Confession: we have not done much that resembles “school” around here the last few days.
This, despite the fact that we have nowhere to go, no place to be except home. This, despite the fact that we are used to this homeschooling gig and have not been thrust into it involuntarily like so many others.
I have the plans and the tools and the time, and no excuse except for this: my heart and mind just haven’t been in it.
On Tuesday, I could no longer take the disastrous state of the girls’ room. Together, we spent the morning sifting through scraps of paper, broken bits of crayons, and other random swarf that has somehow drifted into their space.
(I kid you not: I retrieved a sippy cup full of shaving cream from the hidden recesses under one bed. Abby, when I pulled it out, exclaimed, “Oh, man, Katie – she found it!”)
That was Tuesday.
I can’t tell you what we did yesterday. For the girls, I think it involved cooking in their play kitchen and listening to audiobooks. For me? I’m not sure. I cleaned some, and cooked some, and kept kids alive.
This is not so paltry a list of accomplishments as it may seem.
Did you know that Isaac Newton began to develop gravitational theory while he was in quarantine? Or that Paul Bunyan wrote Pilgrim’s Progress while in prison? Or that the Apostle Paul was under house arrest when he wrote many of his letters?
If your answer to the preceding questions is no, well done. It’s clear you have not been on social media much in the past few weeks.
Katie woke up from her nap to find me at my computer.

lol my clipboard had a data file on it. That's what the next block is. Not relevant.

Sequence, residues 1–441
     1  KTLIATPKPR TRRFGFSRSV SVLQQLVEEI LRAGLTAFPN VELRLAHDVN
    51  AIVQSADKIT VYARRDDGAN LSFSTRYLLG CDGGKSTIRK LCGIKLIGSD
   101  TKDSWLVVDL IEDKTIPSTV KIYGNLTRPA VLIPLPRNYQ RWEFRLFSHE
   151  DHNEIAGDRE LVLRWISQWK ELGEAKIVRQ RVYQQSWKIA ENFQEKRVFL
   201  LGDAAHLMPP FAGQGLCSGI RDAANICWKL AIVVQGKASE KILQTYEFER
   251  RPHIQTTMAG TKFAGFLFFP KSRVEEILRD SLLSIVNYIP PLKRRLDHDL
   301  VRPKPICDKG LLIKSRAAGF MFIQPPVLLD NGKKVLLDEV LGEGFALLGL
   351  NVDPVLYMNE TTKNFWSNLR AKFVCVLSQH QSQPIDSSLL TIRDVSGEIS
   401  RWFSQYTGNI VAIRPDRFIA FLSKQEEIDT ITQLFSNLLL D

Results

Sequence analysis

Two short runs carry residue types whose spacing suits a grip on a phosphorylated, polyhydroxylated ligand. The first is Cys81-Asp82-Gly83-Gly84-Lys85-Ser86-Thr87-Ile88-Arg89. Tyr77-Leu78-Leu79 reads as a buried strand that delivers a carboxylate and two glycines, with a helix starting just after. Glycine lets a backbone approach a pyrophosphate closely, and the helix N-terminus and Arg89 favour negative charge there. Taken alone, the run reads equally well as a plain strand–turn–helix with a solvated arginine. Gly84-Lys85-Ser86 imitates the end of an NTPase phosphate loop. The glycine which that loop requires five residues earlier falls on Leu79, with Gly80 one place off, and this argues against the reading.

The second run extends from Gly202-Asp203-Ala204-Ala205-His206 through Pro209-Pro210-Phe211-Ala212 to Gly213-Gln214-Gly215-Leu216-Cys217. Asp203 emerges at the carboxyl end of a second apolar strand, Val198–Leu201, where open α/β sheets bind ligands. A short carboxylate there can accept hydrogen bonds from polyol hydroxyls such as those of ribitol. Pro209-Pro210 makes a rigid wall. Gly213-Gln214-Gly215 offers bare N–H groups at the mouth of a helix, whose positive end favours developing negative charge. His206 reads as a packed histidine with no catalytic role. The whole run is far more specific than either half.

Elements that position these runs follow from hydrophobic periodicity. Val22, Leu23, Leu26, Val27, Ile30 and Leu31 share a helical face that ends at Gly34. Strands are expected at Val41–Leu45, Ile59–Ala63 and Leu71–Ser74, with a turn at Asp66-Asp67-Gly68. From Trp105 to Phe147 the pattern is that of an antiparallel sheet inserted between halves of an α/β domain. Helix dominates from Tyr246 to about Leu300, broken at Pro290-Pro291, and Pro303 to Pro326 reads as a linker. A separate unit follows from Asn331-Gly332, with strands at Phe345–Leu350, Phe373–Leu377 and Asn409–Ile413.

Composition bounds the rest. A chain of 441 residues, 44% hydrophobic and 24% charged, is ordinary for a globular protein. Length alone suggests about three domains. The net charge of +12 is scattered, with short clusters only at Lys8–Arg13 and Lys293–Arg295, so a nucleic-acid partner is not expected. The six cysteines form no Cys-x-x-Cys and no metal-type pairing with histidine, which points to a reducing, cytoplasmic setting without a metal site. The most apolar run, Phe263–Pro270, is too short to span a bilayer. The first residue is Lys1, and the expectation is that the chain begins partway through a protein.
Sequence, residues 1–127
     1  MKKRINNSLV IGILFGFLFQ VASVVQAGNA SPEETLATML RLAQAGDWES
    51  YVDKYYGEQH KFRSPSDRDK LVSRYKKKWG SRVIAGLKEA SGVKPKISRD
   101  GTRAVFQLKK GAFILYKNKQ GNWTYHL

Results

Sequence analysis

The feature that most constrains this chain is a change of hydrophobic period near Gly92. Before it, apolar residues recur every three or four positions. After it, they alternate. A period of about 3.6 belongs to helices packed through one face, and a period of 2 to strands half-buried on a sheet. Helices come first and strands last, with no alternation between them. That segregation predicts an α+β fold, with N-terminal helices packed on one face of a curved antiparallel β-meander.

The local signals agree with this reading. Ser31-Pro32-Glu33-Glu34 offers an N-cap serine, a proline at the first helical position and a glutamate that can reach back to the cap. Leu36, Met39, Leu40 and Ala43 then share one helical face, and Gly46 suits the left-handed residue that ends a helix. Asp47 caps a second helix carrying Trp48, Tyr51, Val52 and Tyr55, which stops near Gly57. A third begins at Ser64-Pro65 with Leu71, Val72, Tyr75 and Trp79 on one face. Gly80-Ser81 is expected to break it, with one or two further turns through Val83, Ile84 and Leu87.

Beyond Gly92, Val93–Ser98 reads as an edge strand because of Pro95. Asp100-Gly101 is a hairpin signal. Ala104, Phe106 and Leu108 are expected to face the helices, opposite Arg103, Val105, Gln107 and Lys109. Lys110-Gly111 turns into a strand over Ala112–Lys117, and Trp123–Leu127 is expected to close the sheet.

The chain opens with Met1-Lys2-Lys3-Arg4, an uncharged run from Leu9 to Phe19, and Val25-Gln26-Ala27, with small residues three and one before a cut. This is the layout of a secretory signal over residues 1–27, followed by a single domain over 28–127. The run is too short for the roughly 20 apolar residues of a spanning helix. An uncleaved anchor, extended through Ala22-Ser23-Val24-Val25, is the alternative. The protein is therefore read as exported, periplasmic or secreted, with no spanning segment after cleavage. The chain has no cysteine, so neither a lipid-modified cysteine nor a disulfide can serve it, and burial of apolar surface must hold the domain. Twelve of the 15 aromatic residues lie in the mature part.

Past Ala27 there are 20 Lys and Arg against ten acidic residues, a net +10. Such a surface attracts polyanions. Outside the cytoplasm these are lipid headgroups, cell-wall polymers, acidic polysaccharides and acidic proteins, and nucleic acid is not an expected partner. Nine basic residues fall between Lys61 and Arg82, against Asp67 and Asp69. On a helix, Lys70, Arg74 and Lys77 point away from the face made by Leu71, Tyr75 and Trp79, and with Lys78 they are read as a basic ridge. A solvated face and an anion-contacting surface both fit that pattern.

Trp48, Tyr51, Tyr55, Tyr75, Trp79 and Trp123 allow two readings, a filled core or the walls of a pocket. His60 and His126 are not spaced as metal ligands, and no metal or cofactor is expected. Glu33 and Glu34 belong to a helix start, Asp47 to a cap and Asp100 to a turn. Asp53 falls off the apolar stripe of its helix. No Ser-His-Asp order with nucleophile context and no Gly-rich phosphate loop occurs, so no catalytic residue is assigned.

“What are you doing, Mama?”
“About what it’s like to stay home right now.”
“You should say, ‘The kids scream a lot, but it’s still fun.'”
Which about sums things up.
I believe (most days) in a God who redeems what seems unredeemable, in a God who has the power and the desire to use all things for good. I believe He wants His people to grow and even thrive in this time of great uncertainty. I believe He can coax beauty out of such things as pandemics and quarantines and global depressions. (Help my unbelief.)
I don’t believe He wants us to let this time – or any time – go to waste.
But I won’t be creating any masterpieces during the next several weeks. (Please, Lord, let it be weeks and not months.) I won’t be making scientific discoveries. I won’t even be finishing a novel.
Maybe others will use this time for such things – I hope they will. I hope, when this is all over, we’ll have an explosion of art and music and beauty that will overflow to fill the voids and empty places created by our isolation.
But it won’t be coming from me.
After all, if the past few days are any indication, I can’t even guarantee that I’ll be using this time to do school with my kids.
Instead, here’s what I can guarantee I’ll be doing:
Feeding my family, and keeping them clad in semi-clean clothes. Snuggling girls in a chair as we read “one more book.” Providing fingers for balance as Miles lurches around the room on unsteady feet.
Sharing card games and ice cream after kids are in bed. Texting a friend, a neighbor, a family member, just to say hi. Relaxing next to the fire with a cup of tea and a good book at the end of a long day.
Loving. Praying. Living. Hoping.
Doing my best to use this time well.